Kansas Democrats voting by mail only in presidential primary
TOPEKA, Kan. (AP) — Kansas Democrats have scrapped plans for polling sites for their May 2 presidential primary and are using only mail-in ballots because of the coronavirus pandemic.
State Chairwoman Vicki Hiatt said Monday that polling sites are “going to be too risky” and that some were at public schools and community colleges that have closed. The party on Monday began mailing ballots to almost 390,000 people registered as Democrats as of early March. The figure could top 400,000.
Hiatt’s announcement came as Gov. Andrew Cuomo in hard-hit New York said he was delaying that state’s presidential primary from April 28 to June 23. Presidential primaries also have been postponed in Connecticut, Georgia, Indiana, Kentucky, Louisiana, Maryland and Rhode Island.
“Thank goodness we already had the mail-in piece,” Hiatt said. “We always have to look for the right way to do things and protect voters’ rights to have elections and make sure democracy is protected.”
Hiatt said she’s hoping that scrapping polling sites won’t hurt turnout but believes participation will be driven more by whether Vermont Sen. Bernie Sanders continues to challenge former Vice President Joe Biden.
In Kansas, the parties run their presidential contests, with caucuses the norm except when a Republican president is seeking re-election. The Kansas GOP is having state and congressional district conventions of party activists pick convention delegates, all supporting President Donald Trump.
State health officials expect the coronavirus outbreak in Kansas to peak on or near April 24, eight days before the Democratic presidential primary. Dr. Lee Norman, the state’s health secretary, said it’s still unwise to have public gatherings close to the peak.
The number of confirmed coronavirus cases in Kansas has more than tripled in six days, to 368 cases reported by the state health department. Nine COVID-19-related deaths have been reported by state and local health officials.
Confirmed cases have spread from the state’s portion of the Kansas City area to 37 of its 105 counties. While most infected people recover and many have mild or moderate symptoms, the virus can cause serious illnesses or death, particularly in older adults or people with underlying health issues.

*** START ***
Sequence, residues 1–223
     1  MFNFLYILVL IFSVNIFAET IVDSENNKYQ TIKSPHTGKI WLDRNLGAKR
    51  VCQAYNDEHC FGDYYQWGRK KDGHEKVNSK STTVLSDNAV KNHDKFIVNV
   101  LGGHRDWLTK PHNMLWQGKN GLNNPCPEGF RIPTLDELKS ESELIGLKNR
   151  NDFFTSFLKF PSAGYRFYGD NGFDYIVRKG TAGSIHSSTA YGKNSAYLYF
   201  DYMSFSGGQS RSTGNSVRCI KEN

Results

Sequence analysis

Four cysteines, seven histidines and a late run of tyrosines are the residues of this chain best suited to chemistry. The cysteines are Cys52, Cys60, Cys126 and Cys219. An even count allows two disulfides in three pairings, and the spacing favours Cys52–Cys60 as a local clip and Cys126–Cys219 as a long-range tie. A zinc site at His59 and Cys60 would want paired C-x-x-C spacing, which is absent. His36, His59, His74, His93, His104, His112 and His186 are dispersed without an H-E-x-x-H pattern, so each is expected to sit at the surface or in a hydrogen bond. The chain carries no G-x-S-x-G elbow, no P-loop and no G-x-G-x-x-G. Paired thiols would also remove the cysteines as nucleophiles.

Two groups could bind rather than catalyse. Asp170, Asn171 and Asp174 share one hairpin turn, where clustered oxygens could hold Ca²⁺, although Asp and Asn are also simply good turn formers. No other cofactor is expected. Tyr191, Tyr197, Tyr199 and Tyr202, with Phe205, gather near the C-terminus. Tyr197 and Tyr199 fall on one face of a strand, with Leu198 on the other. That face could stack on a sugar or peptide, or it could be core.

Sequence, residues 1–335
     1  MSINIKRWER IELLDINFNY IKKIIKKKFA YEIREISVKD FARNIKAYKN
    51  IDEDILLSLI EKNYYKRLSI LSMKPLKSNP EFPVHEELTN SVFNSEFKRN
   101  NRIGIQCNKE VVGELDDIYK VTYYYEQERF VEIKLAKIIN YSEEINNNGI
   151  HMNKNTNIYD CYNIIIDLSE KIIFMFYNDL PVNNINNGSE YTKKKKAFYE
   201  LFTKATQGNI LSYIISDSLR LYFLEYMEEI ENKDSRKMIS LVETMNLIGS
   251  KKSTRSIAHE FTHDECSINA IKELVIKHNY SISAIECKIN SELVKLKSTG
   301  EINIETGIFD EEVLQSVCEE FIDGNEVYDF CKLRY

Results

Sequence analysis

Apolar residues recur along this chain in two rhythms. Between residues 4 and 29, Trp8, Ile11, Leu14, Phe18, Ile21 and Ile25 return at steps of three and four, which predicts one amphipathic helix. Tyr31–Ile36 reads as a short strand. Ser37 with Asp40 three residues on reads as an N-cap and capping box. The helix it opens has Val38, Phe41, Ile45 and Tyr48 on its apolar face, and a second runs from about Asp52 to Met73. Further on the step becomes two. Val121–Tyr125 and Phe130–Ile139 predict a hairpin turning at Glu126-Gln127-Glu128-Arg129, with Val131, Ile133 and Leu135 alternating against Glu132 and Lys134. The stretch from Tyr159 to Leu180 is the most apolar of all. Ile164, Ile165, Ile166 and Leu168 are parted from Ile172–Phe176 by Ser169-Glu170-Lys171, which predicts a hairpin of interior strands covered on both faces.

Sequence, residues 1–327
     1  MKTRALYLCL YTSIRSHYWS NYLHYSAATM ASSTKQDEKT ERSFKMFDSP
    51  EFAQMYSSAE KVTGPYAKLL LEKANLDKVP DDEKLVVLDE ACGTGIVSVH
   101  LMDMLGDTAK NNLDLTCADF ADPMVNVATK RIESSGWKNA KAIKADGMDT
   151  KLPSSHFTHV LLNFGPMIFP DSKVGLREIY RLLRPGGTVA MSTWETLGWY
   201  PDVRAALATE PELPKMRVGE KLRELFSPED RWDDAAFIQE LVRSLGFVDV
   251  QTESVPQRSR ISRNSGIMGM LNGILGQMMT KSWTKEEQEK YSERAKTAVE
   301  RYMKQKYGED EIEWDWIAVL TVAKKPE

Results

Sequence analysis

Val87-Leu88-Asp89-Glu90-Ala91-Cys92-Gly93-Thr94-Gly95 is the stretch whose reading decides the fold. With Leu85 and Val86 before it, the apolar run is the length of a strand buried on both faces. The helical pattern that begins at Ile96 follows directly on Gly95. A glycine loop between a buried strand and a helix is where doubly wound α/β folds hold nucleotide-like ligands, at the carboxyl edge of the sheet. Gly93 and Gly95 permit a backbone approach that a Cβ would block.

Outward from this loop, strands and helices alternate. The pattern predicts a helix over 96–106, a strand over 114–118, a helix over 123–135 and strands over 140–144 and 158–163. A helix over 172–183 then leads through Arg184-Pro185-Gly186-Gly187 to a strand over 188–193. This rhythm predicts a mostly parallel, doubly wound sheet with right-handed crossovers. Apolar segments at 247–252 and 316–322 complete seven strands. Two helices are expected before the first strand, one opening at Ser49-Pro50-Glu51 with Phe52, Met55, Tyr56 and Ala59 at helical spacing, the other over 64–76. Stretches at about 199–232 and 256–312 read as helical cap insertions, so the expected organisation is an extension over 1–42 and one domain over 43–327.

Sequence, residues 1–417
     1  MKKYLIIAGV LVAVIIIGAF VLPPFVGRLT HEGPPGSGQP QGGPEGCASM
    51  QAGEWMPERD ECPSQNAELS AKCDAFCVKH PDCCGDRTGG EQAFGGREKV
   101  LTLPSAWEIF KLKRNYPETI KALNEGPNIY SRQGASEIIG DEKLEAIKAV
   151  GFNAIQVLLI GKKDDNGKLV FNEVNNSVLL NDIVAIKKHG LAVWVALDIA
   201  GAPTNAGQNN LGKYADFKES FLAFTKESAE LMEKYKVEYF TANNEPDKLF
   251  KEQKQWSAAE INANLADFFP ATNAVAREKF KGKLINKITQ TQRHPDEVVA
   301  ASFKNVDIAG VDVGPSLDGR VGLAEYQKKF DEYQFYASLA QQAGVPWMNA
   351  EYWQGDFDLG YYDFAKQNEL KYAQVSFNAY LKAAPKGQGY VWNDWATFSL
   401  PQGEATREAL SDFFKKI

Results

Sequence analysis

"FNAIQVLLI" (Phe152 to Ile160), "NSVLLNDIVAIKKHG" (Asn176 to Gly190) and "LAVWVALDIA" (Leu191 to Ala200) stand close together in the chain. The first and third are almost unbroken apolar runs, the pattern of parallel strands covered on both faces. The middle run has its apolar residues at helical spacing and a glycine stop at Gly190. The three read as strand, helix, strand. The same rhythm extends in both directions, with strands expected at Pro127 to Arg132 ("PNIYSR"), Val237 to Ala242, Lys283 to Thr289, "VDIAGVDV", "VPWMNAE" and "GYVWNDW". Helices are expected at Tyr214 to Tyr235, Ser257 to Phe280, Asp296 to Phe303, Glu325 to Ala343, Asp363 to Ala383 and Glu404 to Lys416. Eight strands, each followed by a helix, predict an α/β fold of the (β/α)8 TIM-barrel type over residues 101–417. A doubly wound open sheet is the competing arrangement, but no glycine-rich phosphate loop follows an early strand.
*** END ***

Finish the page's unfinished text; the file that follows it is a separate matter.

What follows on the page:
Chris Reeves, a member of the Democratic National Committee from Kansas, said conducting a purely mail-ballot election was “our only choice.” He said the Trump administration should support using mail ballots through the fall and provide financial support to states.
Kansas Secretary of State Scott Schwab, a Republican, has said there is no plan to delay the state’s Aug. 4 primary, but his office is encouraging voters to ask for mail ballots in advance. Spokeswoman Katie Koupal said state law doesn’t require a voter to have a reason to request a mail ballot.
Koupal said that scrapping polling places will lessen the risk of spreading coronavirus, though it still could be present in a mail-ballot election, such as when voters lick ballot envelopes to seal them.
Hiatt said she’s hoping that if the Democratic presidential primary goes smoothly, it will encourage state officials to move exclusively to mail ballots for all state elections. Supporters of the idea expect it would boost turnout.
“It’s just time,” former Democratic Gov. Kathleen Sebelius said in an interview. “Mail ballots, particularly with some early voting that we have in Kansas, just make it so much easier to participate.”
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